- Second Vaping-Related Death Identified in Oregon as Michigan Bans Flavored E-Cigarettes
- Google Fined $170 Million After YouTube Illegally Collected Personal Data of Children
- Odessa Gunman Obtained Gun Through Private Sale
- Chanel Miller Reveals Identity Years After Rape by Brock Turner Sparked National Outcry
- Immanuel Wallerstein, Noted Sociologist & World Systems Analyst, Dies at 88
Journalist and pro-democracy activist Omoyele Sowore is entering his second month in jail for calling for peaceful nationwide protests against the government. Sowore called his movement “Revolution Now” and mobilized activists to take to the streets August 5. But just two days before the protests were set to begin, Sowore was arrested by the state and accused of attempting to take over the government. He’s been imprisoned for more than a month now as human rights groups continue to call for his immediate release. We speak with his wife Opeyemi Sowore and Nani Jansen Reventlow, one of the attorneys representing Omoyele Sowore.
American journalist and indigenous and environmental rights activist Brandon Lee remains in critical condition in the Philippines more than four weeks after being shot multiple times outside his home in the northern region of the country in early August. Lee was shot at least four times in the back and face on August 6 in what his family and advocates say was an attempt by the Philippines government to kill him. Brandon Lee is a Chinese American born and raised in San Francisco, but he has spent the last decade in the Philippines, where he has a wife and young daughter. He is a correspondent for the weekly newspaper Northern Dispatch and an activist with local peasant, indigenous rights and environmental organizations. Lee’s editor at Northern Dispatch told the Committee to Protect Journalists that he has been targeted for this work since 2015, facing relentless surveillance from President Rodrigo Duterte’s government. We speak with San Francisco Supervisor Matt Haney, who led a fact-finding delegation to the Philippines last week to investigate the attack, and Filipina activist Raquel Redondiez, a friend of Brandon Lee.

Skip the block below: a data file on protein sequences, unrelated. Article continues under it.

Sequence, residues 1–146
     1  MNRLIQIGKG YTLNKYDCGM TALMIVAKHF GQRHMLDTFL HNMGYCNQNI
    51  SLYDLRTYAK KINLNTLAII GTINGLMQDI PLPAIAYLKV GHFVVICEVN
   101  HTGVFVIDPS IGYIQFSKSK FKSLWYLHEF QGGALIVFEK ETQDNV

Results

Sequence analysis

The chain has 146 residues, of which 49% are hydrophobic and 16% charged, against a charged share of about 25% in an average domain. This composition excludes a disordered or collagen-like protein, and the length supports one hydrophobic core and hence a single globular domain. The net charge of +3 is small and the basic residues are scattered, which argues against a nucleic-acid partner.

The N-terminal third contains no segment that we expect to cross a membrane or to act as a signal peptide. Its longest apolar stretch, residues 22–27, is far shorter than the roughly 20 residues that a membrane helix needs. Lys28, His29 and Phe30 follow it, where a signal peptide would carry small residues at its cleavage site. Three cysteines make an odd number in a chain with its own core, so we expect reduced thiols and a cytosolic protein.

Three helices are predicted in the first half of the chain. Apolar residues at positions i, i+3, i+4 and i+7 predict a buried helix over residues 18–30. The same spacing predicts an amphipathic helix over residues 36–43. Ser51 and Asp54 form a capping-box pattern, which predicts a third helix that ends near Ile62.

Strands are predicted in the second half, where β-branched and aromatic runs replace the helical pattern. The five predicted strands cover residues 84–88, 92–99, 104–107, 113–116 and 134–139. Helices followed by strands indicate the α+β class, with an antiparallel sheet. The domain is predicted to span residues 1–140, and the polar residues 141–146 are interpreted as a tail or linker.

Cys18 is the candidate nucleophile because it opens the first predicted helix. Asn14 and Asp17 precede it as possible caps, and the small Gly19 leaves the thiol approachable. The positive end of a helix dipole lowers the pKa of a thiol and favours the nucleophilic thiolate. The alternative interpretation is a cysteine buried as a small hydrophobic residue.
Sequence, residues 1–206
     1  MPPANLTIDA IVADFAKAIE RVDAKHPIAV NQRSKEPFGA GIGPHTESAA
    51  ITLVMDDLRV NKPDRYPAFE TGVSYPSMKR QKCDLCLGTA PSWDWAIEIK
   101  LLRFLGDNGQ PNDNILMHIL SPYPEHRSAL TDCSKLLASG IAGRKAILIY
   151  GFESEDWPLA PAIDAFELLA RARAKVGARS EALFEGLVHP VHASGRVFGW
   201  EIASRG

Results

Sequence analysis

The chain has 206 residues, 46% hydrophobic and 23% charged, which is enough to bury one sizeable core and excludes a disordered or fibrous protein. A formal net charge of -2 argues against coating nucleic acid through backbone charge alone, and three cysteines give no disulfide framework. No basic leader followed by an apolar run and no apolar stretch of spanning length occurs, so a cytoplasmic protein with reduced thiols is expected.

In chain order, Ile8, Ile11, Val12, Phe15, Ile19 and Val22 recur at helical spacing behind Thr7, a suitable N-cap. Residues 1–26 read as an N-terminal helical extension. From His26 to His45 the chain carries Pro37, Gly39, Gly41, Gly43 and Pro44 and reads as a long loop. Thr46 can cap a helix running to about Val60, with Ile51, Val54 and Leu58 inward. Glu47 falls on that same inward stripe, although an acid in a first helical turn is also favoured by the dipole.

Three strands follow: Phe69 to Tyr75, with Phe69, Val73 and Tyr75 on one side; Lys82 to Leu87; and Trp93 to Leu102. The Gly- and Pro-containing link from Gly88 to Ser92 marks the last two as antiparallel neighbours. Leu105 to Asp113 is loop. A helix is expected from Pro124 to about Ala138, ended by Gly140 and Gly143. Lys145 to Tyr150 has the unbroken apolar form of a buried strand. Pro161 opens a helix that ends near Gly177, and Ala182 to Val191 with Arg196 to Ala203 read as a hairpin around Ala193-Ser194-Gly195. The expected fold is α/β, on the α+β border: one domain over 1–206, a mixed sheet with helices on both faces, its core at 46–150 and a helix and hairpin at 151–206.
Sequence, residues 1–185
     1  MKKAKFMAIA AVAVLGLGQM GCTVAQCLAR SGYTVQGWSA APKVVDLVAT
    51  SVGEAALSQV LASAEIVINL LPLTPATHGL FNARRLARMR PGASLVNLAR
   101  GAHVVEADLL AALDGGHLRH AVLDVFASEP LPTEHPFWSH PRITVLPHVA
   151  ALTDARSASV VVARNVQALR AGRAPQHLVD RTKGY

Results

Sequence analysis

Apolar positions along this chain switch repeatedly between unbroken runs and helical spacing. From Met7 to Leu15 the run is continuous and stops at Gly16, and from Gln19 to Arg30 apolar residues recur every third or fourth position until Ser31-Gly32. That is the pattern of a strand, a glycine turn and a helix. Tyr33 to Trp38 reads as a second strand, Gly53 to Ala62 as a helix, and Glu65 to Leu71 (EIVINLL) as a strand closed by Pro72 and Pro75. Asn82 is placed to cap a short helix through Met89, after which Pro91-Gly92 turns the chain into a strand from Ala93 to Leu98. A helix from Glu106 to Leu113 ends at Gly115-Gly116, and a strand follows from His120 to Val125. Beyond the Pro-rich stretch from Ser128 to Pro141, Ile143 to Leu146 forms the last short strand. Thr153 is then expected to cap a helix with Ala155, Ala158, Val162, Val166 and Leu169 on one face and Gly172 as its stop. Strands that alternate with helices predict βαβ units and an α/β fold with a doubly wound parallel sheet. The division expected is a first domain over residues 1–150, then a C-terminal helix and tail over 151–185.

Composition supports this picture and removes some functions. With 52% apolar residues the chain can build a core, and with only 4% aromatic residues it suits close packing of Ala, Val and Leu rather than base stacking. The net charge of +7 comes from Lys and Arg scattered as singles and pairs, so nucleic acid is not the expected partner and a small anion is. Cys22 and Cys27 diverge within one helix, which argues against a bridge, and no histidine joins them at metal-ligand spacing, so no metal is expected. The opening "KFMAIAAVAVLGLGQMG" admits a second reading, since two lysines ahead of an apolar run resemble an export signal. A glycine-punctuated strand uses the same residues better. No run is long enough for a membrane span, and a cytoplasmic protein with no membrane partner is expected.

It is a scene of utter devastation after the Category 5 Hurricane Dorian ravaged the Bahamas. Residents of Florida, Georgia and the Carolinas are now bracing for the storm, which has been downgraded to Category 2. The official death in the Bahamas is at seven but is expected to rise. On the islands of Abaco and Grand Bahama, as many as 13,000 homes have been destroyed or heavily damaged. Rescue efforts have been hampered by widespread flooding. Some reports say 70 to 80% of the affected areas remains underwater, including the Grand Bahama International Airport. The Bahamas Red Cross and other relief groups are scrambling to help survivors. From Freeport in Grand Bahama, we speak to Crystal deGregory, professor at Kentucky State University’s Atwood Institute for Race, Education, and the Democratic Ideal, and Sam Teicher, the founder and chief reef officer for Coral Vita, which is based in Freeport, Grand Bahama.
- 13,000 Homes Destroyed, At Least 7 Dead as Hurricane Dorian Devastates Bahamas
- Hong Kong Leader Carrie Lam Withdraws Extradition Bill After Months of Protest
- Boris Johnson Faces Crushing Blow to Brexit Plan as MPs Rebel Against No-Deal Exit from EU
- Walmart Will Stop Selling Assault Weapon Ammunition Following Spate of Deadly Mass Shootings
- 14-Year-Old Alabama Teen Shoots and Kills 5 Family Members
- Trump Admin Diverts $3.6 Billion from Defense Budget to Build Border Wall
- Trump Admin Partially Backtracks on Plan to Deport Immigrants with Serious Health Conditions
- Guatemalan Presidential Runner-Up and Ex-First Lady Sandra Torres Arrested
- Italy Reaches Agreement to Form New Government
- Trump Congratulates Poland on 80th Anniversary of Nazi Invasion
- Elizabeth Warren and Other 2020 Hopefuls Release Climate Change Plans
- Court Rules North Carolina GOP Engaged in "Extreme Partisan Gerrymandering" to Redraw Voting Map
- Founder of LGBT "Conversion Therapy" Program Comes Out as Gay, Apologizes for Harmful Practice